Ian A. York
iayork at panix.com
Fri Feb 28 12:01:02 EST 1997
In article <3316041F.2451 at ucla.edu>, Ken Miyasaki <kmiyasak at ucla.edu> wrote:
>I was just curious as to how immunologists viewed "MHC restriction."
>Does it really exist? Isn't it just a laboratory artifact (based upon
>measurement of secondary immune responses)? Doesn't the TCR see mainly
>the antigen and not the MHC (with greater than three orders of magnitude
>difference in affinity). So why was the 1996 Nobel Prize awarded to
>people who proposed this dual cognition stuff?
I'm not sure what you're talking about. TcR sees the combination of
epitope and MHC. With the wrong MHC the affinity is unmeasurable. This
is not a laboratory artifact; it's fundamental to the structure of the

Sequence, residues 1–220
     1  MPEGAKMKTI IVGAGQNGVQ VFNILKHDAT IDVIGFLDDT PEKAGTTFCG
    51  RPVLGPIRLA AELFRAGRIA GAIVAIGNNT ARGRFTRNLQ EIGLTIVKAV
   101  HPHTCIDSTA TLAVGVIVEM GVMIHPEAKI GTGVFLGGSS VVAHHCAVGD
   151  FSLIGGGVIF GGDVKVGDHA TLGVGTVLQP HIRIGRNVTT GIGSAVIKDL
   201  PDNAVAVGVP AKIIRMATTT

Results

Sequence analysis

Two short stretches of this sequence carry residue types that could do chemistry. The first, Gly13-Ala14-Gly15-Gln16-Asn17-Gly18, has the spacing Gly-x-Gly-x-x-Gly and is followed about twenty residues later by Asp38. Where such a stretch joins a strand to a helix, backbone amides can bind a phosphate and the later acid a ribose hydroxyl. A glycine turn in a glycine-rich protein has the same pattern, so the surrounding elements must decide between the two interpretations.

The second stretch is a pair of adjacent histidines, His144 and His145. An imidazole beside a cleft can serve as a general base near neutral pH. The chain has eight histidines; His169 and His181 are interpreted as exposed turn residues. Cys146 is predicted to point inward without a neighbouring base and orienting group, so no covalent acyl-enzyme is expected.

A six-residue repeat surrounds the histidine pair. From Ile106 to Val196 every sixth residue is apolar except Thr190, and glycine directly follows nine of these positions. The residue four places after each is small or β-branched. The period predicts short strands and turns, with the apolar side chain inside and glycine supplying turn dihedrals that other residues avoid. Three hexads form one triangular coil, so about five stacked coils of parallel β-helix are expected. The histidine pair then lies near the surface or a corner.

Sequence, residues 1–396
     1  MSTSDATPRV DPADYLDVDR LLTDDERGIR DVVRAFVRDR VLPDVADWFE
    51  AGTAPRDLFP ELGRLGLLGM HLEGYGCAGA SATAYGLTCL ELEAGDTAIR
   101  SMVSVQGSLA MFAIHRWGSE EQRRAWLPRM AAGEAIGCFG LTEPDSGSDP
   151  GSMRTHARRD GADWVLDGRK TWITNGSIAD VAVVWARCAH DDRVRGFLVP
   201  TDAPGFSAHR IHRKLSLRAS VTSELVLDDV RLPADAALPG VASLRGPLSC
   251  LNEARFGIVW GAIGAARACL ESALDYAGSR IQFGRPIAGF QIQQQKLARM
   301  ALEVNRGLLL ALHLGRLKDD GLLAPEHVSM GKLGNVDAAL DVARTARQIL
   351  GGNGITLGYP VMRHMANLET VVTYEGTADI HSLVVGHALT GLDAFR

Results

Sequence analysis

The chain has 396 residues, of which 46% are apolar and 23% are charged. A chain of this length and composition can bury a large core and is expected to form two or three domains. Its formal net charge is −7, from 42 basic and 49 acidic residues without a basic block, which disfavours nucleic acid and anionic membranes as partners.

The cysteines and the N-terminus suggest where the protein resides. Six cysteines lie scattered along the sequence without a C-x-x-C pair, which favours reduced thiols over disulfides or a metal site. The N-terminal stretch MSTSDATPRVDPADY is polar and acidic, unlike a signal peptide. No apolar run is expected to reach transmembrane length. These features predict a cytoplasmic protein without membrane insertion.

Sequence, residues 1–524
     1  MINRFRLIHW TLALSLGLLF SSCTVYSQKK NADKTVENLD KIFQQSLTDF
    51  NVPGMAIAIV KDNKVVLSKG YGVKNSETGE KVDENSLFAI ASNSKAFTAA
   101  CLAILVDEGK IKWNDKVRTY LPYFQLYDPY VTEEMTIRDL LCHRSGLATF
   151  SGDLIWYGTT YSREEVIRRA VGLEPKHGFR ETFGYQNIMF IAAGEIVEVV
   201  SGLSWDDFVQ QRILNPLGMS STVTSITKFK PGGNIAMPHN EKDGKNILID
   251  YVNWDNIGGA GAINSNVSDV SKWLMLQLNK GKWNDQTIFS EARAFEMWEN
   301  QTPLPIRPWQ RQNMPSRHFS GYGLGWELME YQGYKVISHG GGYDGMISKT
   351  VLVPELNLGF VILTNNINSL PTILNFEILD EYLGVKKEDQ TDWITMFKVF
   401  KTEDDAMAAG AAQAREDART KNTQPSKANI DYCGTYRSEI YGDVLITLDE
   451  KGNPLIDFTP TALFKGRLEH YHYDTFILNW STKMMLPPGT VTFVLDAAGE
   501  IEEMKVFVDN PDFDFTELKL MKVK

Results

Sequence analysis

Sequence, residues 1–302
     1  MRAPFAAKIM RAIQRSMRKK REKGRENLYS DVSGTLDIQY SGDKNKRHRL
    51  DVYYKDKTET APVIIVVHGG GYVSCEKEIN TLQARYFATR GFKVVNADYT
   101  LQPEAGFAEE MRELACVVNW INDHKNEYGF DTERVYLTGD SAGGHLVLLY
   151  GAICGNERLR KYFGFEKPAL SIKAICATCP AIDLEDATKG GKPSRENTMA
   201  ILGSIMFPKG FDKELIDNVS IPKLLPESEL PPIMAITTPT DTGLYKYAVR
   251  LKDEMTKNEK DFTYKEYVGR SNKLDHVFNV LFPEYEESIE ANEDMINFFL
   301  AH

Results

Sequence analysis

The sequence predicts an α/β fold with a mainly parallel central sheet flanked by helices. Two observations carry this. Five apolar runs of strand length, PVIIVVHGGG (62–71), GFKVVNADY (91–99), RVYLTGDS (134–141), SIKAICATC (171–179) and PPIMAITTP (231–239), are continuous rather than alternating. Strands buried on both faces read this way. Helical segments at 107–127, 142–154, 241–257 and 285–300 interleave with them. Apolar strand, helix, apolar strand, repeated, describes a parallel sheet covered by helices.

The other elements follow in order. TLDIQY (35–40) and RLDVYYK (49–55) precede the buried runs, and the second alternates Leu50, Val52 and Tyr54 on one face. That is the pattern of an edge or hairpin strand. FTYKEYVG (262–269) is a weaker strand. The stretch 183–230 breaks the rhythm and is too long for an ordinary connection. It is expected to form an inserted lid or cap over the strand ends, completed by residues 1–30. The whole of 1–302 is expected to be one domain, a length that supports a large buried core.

TcR and profoundly important.
If you look at crystal structures of MHC/peptide, then you'll see that
almost all the face of the interaction that the TcR sees is foirmed by the
MHC. The peptide provides critical alterations in the structure, but in
many cases this is a relatively small component of the interaction
surface. (Check out the recent crystal structures of the TcR/MHC
interaction from Wiley's and from Wilson's labs.)
In fact, it's much more true to say the reverse of your statement. Where
there's wobbliness in the TcR recognition, it's likely to be with the same
MHC and with different peptide.
To summarize, I think you are confused about TcR recgnition. I'm not sure
what you mean by your statement, but it's wrong.
The Nobel was well-deserved, as far as I'm concerned. I'm sure this will
come as a relief to the Nobel Committee.
Ian York (iayork at panix.com) <http://www.panix.com/~iayork/>
"-but as he was a York, I am rather inclined to suppose him a
very respectable Man." -Jane Austen, The History of England
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